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Re: Hybrids

  • To: Multiple recipients of list AROID-L <aroid-l@mobot.org>
  • Subject: Re: Hybrids
  • From: "Bonaventure W Magrys" <magrysbo@shu.edu>
  • Date: Wed, 3 May 2000 18:57:33 -0500 (CDT)

Can't put these back in nature with the same sucess. This is not the original
(but it is within variation) characteristic of the species. Reestablishment of
"improved" cultivars may lead to improper growth timing, reduced seed dormancy,
ect... Larger more colorful flowers may also not be as attractive to the
natural
pollinator as they are to the human eye.
Bonaventure

>>>>>>>>>SelbyHort@aol.com on 05/02/2000 05:58:10 PM
Please respond to aroid-l@mobot.org



To:  Multiple recipients of list AROID-L <aroid-l@mobot.org>
cc:  (bcc: Bonaventure W Magrys/ADM/SHU)

Subject:  Re: Hybrids




Neil Carrol wrote about hybrids and I have to say that one of our clones of
Anthurium dressleri, which is a selfing of the clonotype, grows far easier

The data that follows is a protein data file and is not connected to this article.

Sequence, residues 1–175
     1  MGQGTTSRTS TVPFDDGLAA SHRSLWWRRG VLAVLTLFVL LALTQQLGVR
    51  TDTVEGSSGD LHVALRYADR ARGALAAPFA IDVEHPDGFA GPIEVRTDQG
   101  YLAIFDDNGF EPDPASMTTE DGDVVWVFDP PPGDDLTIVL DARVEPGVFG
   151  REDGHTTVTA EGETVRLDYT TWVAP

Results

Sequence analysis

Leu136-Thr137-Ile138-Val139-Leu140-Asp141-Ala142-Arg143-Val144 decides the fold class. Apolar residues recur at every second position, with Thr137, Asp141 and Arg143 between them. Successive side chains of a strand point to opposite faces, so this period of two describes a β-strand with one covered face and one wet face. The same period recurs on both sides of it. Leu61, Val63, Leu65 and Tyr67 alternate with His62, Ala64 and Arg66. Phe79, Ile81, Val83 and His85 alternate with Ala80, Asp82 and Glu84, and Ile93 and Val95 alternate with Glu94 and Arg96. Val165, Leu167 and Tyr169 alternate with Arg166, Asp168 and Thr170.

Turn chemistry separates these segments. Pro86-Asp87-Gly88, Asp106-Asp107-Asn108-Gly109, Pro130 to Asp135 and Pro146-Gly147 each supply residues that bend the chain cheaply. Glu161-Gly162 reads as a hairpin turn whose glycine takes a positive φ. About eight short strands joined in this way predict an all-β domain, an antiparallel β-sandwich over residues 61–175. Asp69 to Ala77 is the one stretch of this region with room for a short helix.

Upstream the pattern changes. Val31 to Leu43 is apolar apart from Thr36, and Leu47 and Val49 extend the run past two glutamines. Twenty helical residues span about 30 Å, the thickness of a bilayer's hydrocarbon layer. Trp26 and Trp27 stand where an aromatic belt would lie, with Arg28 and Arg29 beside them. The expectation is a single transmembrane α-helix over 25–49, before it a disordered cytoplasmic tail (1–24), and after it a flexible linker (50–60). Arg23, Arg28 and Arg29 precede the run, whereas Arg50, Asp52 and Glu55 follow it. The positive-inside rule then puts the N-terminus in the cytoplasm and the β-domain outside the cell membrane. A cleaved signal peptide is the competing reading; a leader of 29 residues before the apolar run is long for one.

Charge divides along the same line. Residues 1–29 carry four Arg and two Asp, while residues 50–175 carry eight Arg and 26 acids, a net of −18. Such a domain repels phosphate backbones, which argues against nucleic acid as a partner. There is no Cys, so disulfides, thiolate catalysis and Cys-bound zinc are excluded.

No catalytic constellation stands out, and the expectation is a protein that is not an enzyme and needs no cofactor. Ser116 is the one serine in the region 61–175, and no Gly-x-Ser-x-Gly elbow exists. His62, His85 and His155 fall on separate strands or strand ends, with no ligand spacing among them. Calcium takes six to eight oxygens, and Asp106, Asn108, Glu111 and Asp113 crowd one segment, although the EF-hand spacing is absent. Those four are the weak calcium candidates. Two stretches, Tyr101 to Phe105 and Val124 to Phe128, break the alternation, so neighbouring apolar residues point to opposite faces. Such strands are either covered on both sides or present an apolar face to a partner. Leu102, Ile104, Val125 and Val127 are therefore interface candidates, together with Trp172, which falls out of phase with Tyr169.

than the original plant collected from the wild. Sometimes selection via
sibling crosses or selfing of species can provide some additional vigor or
horticultural improvements not known in the parent(s). One does not
necessarily need to resort to hybridizing different species to get
interesting results. It is also true that the hybrids of Anthurium dressleri
are indeed much easier to grow and some of these hybrids are exceptional
clones.

Donna Atwood

<< Some times a plant that is desirable is not easily grown. Sometimes some of
 these desirable traits may be crossed onto a kindred species which is easier
 to grow. ( Anth. dressleri is hard to grow in Florida, but it's hybrids are
 grown very well there)
  >>







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